Painter and printmaker, Ira Moskowitz was born in Turka, Poland. He arrived in America with his family in 1928 at the age of sixteen and studied at the Art Students League under Harry Wickey. His first paintings, etchings and lithographs were exhibited in the early 1930s in New York.
During the 1940s Moskowitz lived in the American Southwest and became a prominent member of the Santa Fe Group of Artists. He gained a strong national reputation for his original paintings and prints of Navajo life and customs. The Jewish religion and its’ culture played a major role in Moskowitz’s art and from 1967 to 1969 he was a fequent visitor to Isreal. He even had several exhibitions there at the Haifa Museum of Modern Art.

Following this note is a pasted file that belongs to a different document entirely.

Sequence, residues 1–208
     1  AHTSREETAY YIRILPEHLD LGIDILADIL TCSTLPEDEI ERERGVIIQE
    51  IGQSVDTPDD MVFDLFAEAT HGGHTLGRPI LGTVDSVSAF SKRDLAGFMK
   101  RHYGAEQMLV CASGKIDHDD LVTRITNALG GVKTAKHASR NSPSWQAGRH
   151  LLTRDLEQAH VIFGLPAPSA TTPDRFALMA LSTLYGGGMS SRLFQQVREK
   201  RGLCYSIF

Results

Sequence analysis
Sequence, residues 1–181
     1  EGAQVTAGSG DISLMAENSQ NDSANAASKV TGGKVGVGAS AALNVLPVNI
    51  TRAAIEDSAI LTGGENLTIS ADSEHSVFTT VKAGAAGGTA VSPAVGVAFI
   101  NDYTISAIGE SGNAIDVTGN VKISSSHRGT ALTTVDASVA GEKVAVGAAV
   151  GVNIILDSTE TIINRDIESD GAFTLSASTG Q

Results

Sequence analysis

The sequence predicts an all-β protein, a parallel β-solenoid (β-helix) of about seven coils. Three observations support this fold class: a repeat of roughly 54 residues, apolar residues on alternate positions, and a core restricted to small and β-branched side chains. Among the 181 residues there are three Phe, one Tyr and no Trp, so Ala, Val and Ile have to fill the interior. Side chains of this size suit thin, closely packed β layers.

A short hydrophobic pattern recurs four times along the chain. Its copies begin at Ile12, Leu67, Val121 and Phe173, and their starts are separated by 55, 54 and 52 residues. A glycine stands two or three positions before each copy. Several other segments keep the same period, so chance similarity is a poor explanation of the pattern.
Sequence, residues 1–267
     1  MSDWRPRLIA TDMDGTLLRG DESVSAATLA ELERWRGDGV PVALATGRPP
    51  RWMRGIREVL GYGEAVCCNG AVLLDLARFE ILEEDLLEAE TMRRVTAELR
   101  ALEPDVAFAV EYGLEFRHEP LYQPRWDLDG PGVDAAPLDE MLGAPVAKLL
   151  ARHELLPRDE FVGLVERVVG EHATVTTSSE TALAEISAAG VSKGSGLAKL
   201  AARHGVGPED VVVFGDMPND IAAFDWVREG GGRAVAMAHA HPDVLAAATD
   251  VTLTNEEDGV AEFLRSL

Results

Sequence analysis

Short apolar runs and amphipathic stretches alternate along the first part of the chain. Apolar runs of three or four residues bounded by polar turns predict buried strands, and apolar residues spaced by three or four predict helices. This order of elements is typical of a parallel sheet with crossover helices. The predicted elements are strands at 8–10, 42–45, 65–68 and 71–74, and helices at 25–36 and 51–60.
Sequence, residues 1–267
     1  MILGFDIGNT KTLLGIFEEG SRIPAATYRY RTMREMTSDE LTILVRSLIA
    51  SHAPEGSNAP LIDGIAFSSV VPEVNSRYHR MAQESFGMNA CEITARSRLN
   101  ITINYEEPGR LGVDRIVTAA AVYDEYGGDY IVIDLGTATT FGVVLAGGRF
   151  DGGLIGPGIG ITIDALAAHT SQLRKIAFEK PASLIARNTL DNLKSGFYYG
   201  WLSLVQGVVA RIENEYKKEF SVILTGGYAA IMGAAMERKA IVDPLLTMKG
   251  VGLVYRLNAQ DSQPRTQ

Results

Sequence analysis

During his lifetime Moskowitz received numerous awards including a Guggenheim Fellowship in 1943. In the introduction of “Patterns and Ceremonials of the Indians of the Southwest”, John Sloan wrote; “The drawings and lithographs by Ira Moskowitz are notable for an emotional response to the Indian life. He may be called a representational or realistic draftsman…”